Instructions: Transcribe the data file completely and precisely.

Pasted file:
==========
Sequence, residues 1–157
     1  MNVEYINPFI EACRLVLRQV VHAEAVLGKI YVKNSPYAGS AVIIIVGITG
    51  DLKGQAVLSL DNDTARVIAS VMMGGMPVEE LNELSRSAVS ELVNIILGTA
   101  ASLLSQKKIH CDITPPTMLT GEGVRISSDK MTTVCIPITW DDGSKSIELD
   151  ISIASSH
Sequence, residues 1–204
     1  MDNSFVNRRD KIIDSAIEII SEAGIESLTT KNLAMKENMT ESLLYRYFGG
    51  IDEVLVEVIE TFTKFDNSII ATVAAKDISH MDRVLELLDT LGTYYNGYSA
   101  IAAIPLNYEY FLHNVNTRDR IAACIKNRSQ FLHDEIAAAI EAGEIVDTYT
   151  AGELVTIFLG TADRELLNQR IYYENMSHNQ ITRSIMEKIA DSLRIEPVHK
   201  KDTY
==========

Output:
Sequence, residues 1–157
     1  MNVEYINPFI EACRLVLRQV VHAEAVLGKI YVKNSPYAGS AVIIIVGITG
    51  DLKGQAVLSL DNDTARVIAS VMMGGMPVEE LNELSRSAVS ELVNIILGTA
   101  ASLLSQKKIH CDITPPTMLT GEGVRISSDK MTTVCIPITW DDGSKSIELD
   151  ISIASSH
Sequence, residues 1–204
     1  MDNSFVNRRD KIIDSAIEII SEAGIESLTT KNLAMKENMT ESLLYRYFGG
    51  IDEVLVEVIE TFTKFDNSII ATVAAKDISH MDRVLELLDT LGTYYNGYSA
   101  IAAIPLNYEY FLHNVNTRDR IAACIKNRSQ FLHDEIAAAI EAGEIVDTYT
   151  AGELVTIFLG TADRELLNQR IYYENMSHNQ ITRSIMEKIA DSLRIEPVHK
   201  KDTY